VA Disability and Alcoholism

VA Disability and Alcoholism

What is Alcoholism?

Alcohol use disorder, more commonly known as alcoholism, is a pattern of alcohol use that invokes problems controlling drinking, being preoccupied with alcohol, continuing to use alcohol when it causes problem, having to drink more to get the same effect, and having withdrawal symptoms when you stop drinking. Alcoholism also includes binge drinking, a pattern of drinking excessive amounts in a short amount of time. Symptoms of alcoholism can range from mild to severe and may include the following:

  • Being unable to limit the amount of alcohol you drink
  • Wanting to cut down on how much you drink
  • Spending a lot of time drinking, getting alcohol, or recovering from alcohol use
  • Feeling a strong craving or urge to drink alcohol
  • Failing to fulfill major obligations at work, school, or home due to repeated alcohol use
  • Continuing to drink alcohol even though you know it’s causing physical, social, or interpersonal problems
  • Giving p or reducing social and work activities/hobbies
  • Using alcohol is situations when it’s not safe, such as when driving
  • Developing a tolerance to alcohol so you need more to feel its effect, or you have a reduced effect from the same amount
  • Experiencing withdrawal symptoms when you do not drink, or drinking to avoid these symptoms

What does the VA Define as Alcohol Abuse?

According to the VA, alcohol abuse is “the use of alcoholic beverages over time, or such excessive use at any one time, sufficient to cause disability or death of the user.” It is important to note, consuming an alcoholic beverage does not mean alcohol abuse. Instead, alcohol abuse is defined by both the length of time that the behavior continues and whether the behavior is done in excess.

How to Prevalent is Alcohol Abuse Among Veterans?

The Substance Abuse and Mental Health Services Administration (SAMHSA) estimates that 7.1% of all U.S. veterans met the criteria for substance abuse disorder between 2004 and 2006.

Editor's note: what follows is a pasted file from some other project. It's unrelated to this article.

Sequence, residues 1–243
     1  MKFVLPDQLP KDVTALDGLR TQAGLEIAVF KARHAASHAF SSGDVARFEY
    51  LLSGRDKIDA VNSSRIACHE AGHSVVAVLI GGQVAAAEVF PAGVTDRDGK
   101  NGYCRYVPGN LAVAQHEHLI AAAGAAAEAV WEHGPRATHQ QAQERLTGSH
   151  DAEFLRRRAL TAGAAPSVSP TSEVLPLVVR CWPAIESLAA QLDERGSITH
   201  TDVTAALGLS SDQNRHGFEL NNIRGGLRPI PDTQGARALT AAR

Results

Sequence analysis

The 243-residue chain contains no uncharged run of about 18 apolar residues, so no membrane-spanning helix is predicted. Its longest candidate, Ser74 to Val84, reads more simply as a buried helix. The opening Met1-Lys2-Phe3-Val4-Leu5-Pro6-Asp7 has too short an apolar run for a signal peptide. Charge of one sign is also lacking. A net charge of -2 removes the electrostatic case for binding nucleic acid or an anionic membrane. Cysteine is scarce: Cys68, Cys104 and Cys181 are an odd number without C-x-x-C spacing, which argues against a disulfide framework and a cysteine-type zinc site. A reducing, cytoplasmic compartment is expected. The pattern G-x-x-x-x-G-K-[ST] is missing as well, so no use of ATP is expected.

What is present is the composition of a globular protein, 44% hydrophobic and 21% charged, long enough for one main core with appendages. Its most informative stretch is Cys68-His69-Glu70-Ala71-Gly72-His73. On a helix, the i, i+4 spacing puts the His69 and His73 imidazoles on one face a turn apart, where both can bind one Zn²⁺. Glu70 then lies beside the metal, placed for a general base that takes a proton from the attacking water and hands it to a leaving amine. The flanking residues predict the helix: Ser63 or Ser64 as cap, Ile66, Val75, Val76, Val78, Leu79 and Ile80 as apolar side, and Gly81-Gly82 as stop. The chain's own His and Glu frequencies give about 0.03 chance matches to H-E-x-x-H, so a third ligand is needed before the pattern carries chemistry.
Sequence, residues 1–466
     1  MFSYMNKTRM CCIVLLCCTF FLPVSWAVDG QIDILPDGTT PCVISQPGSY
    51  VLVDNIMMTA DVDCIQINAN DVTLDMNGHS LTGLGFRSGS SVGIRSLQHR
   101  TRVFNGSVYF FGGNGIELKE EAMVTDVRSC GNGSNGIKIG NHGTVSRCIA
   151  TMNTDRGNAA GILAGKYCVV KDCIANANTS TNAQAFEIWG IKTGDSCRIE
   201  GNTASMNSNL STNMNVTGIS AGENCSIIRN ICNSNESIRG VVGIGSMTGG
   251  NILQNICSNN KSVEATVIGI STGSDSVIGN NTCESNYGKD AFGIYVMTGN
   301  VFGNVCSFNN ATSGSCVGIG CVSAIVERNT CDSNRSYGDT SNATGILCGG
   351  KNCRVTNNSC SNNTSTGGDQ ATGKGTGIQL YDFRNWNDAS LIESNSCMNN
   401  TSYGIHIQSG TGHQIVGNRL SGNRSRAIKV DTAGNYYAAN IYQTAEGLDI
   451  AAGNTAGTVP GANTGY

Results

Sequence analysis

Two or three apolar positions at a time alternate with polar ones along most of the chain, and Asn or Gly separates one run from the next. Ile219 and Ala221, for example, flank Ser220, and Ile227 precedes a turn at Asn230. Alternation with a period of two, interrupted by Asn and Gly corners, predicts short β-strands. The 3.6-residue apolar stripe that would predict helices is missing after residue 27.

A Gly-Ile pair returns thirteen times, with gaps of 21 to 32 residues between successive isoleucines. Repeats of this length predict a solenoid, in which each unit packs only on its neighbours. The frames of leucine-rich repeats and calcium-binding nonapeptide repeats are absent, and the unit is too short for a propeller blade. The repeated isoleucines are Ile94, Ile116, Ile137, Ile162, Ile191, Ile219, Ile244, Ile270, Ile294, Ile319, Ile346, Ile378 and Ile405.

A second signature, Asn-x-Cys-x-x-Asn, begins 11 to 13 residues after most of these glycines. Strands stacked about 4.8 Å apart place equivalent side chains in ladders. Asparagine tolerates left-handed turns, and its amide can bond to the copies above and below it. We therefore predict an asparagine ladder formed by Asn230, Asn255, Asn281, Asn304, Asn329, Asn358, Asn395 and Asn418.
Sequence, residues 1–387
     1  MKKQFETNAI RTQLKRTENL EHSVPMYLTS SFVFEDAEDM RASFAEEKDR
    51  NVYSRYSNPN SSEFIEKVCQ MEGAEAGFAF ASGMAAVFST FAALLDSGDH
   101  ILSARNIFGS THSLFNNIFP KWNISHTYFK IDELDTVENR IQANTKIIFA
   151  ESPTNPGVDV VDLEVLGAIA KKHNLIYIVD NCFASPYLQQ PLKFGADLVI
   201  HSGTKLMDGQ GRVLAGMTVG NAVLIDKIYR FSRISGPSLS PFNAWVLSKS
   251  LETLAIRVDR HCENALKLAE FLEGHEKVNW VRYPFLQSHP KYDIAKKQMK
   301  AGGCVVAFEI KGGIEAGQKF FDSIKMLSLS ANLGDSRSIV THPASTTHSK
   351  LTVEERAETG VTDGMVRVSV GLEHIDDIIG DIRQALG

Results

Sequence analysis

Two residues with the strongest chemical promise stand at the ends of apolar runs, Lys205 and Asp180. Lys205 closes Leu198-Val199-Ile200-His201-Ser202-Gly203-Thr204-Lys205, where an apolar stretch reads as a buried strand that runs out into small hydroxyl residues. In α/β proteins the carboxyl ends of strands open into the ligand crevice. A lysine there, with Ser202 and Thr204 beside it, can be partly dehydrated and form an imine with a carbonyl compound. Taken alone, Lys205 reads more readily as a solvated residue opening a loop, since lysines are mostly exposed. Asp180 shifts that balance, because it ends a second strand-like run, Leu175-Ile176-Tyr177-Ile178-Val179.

Veterans encounter psychological stress or physiological ailments as a result of their service. Alcoholism can be influenced my many factors, including symptoms of post-traumatic stress disorder (PTSD). Getting PTSD increases the risk of a substance abuse problem, specifically, over 20% of veterans with PTSD have a substance abuse disorder and nearly 1 out of 3 veterans seeking substance abuse disorder treatment also have PTSD.

Can You be Service Connected for Alcoholism?

Veterans cannot be directly service connected for alcoholism, but they can be service connected on a secondary basis for conditions that come from alcoholism when the conditions is due to a service-connected condition.

An example is if a veteran is service-connected for PTSD and uses alcohol to cope with their symptoms. As a result of this alcohol use, the veteran is diagnosed with cirrhosis of the liver. The veteran may be able to get service-connection compensation for the cirrhosis of the liver on a secondary basis. The alcoholism would serve as an intermediate step between the PTSD and cirrhosis.

It is important to note that veterans can only receive disability ratings for alcohol-related conditions as long as the alcoholism was not a product of the veteran’s own “willful misconduct.” The VA defines willful misconduct as “an act involving conscious wrongdoing or known prohibited action.” The VA must prove by a “preponderance of evidence” that the cause of the veteran’s condition is in line with the definition provided above.

VA Services Available for Alcoholism Treatment

The VA offers many different services to veterans struggling with substance abuse. This includes treatment options such as medication, therapy, and treatment of conditions such as PTSD.

Medication options for these veterans include:

  • Medically managed detoxification to stop substance use safely, and services to stabilize
  • Drug substitution therapies and medicines to lessen cravings
  • Nicotine replacement therapy or medications

Counseling or therapy options include:

  • Short-term outpatient counseling
  • Intensive outpatient treatment
  • Marriage and family counseling
  • Self-help groups
  • Residential care
  • Continuing care and relapse prevention
  • Program for veterans with specific needs (i.e. homeless veterans)

Veterans Help Group have been supporting veterans in getting the benefits they deserve since 1995. If you or a loved one served, and suffer from alcoholism or substance abuse, we are here to help. Call Veterans Help Group at 855-855-8992 or complete our free veterans benefits case evaluation form.

 

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